Wanted Martian, dead or alive

Wanted Martian, dead or alive

Perseverance's first goal is to locate traces of biological activity. Of living beings that could have inhabited the planet billions of years ago, when it was a more welcoming scene.

No one expects to find living microorganisms. It would be an event of historic proportions. Nor fossils in the popular sense of the word, like a dinosaur bone or a trilobite print. On Mars, the signs of past life are much more difficult to identify.

Photogallery: The arrival of 'Perseverance' to Mars, in

images Surprisingly, on Earth there are still samples of archaic life that can serve as an example for what is look on Mars. They are stromatolites, a structure that is formed and grows by accumulation of layers and layers of bacteria that absorb minerals on the shores of lakes. Over time, these accumulations cement and turn into sedimentary rocks. For all intents and purposes, fossils. On the outside they are amorphous, spongy in appearance. When cut, their internal structure often shows growth rings that resemble the rings of a tree.

Today, stromatolites are very rare. They occur in shallow waters of lakes and lagoons, sometimes very salinized. The highest concentration is in western Australia but they are also found in some lakes in North and South America. Closer, one of the best known is Lake Salda, in Turkey; On its shores, under a few feet of water, you can see what appear to be porous rocks, but are in fact burial grounds of millions and millions of archaic microorganisms.

Data analysis will take many weeks, if not months

The Perrseverance carries a pair of chemical element and biomarker detectors. Testing the soil for organic debris can provide valuable clues; but by themselves it will be difficult to reach a final diagnosis. It will need to be confirmed visually. For this, together with the chemical detectors it has very high resolution television cameras, capable of detecting structures of only a few tens of microns. If there was ever an equivalent to stromatolites on Mars – and if it is present in the Jezero sands – those microscopes should be able to identify its footprint.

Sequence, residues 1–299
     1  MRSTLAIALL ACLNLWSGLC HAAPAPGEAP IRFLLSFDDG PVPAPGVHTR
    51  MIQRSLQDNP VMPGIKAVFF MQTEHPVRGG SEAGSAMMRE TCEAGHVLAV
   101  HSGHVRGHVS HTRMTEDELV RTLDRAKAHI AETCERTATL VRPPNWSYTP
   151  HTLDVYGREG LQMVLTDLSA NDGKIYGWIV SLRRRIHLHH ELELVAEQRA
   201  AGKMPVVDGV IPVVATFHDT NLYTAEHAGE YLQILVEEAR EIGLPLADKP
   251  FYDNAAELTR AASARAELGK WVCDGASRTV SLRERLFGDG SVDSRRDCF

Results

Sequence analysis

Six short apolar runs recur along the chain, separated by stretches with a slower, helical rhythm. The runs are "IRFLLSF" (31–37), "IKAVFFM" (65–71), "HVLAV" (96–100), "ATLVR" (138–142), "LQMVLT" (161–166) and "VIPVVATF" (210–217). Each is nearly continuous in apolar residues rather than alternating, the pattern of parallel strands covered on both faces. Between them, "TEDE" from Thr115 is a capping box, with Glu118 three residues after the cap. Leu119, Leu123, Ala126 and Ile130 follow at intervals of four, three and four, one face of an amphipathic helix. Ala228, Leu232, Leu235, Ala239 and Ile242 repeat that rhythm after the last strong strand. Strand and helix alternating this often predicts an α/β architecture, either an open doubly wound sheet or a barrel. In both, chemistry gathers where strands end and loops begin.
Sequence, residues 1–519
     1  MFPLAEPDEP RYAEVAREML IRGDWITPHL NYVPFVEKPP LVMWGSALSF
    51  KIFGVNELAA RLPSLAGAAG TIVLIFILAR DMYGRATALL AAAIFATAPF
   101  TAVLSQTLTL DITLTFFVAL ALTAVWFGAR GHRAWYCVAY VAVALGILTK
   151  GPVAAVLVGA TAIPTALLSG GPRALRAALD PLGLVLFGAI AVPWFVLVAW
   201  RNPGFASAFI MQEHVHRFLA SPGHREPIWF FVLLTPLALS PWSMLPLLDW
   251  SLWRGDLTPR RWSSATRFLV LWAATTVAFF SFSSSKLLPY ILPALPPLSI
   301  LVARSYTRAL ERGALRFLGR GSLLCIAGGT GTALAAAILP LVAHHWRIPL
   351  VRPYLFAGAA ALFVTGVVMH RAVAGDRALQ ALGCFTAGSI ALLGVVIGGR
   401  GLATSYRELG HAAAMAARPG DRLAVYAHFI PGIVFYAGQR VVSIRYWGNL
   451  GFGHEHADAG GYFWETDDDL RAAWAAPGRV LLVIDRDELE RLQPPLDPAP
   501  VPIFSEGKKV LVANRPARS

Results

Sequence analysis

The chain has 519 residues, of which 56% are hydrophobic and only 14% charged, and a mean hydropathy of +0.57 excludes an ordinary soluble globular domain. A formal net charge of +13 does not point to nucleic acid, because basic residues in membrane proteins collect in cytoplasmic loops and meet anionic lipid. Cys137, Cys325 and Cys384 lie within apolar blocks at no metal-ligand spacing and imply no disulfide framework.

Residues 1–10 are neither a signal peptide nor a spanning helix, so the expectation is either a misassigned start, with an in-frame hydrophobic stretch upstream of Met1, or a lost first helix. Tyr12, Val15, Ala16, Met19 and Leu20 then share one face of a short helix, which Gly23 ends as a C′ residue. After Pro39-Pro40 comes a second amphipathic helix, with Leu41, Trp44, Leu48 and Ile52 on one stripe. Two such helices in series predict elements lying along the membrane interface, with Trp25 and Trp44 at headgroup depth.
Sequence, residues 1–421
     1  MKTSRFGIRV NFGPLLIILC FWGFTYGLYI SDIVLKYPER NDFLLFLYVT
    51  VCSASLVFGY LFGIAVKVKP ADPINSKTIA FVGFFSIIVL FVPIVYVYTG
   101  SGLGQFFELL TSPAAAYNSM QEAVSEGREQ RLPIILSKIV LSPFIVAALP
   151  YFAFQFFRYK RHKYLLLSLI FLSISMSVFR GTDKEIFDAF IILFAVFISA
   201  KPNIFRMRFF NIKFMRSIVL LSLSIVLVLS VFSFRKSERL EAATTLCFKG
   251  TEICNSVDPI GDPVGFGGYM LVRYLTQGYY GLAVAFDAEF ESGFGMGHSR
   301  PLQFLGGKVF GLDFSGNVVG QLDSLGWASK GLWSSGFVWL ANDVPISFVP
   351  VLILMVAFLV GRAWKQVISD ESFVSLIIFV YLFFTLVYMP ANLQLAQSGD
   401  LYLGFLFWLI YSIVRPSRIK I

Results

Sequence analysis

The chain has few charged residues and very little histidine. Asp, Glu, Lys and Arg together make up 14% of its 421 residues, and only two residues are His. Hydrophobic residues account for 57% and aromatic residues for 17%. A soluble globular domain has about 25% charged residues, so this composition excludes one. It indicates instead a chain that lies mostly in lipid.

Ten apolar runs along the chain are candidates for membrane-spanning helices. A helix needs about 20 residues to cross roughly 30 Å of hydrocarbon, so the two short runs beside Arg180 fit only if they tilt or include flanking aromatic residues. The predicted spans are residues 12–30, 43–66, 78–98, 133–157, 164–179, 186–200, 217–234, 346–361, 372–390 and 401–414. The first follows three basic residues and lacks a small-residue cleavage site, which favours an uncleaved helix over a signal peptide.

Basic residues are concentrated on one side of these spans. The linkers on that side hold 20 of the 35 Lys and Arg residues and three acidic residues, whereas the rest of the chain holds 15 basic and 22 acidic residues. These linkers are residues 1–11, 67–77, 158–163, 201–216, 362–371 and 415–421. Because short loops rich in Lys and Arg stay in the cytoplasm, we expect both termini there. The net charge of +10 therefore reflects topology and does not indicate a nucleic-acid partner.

In fact, before launch the Perseverance detectors were tested on samples of Australian stromatols, almost contemporaries of those perhaps on Mars. The three instruments (microscope, element analyzer and molecular analyzer) coincided in pointing out its organic origin.

When can we expect the news of the detection of biological remains on Mars, if at all? Analyzing the data will take many weeks, if not months. Before releasing the news they will have to marry dozens of tests: It is not only a question of detecting some molecule of apparently organic origin, but of verifying that the minerals that surround it, their general appearance, their microscopic structure, their chemical composition and even the relationship of isotopes in the sample agree. The principle "Extraordinary announcements require extraordinary evidence" will be more valid here than ever.

Some of the samples collected by Perseverance will have to be analyzed on Earth. That will happen, at the earliest, around 2028 and 2029, when another ship picks them up and returns with them. At the moment they will be received in a central laboratory, still in the design phase. There they must pass all kinds of tests to ensure, among other things, that they do not carry pathogens. Guaranteed that – and it is a question of demanding 100% security – they will be distributed to centers around the world to be subjected to more in-depth analysis than Perseverance has allowed. Only then – perhaps – can a solid answer be given as to whether or not life is an exclusive phenomenon of the Earth.

Rafael Clemente is an industrial engineer and was the founder and first director of the Museu de la Ciència de Barcelona (now CosmoCaixa). He is the author of 'A small step for [a] man' (Dome Books).

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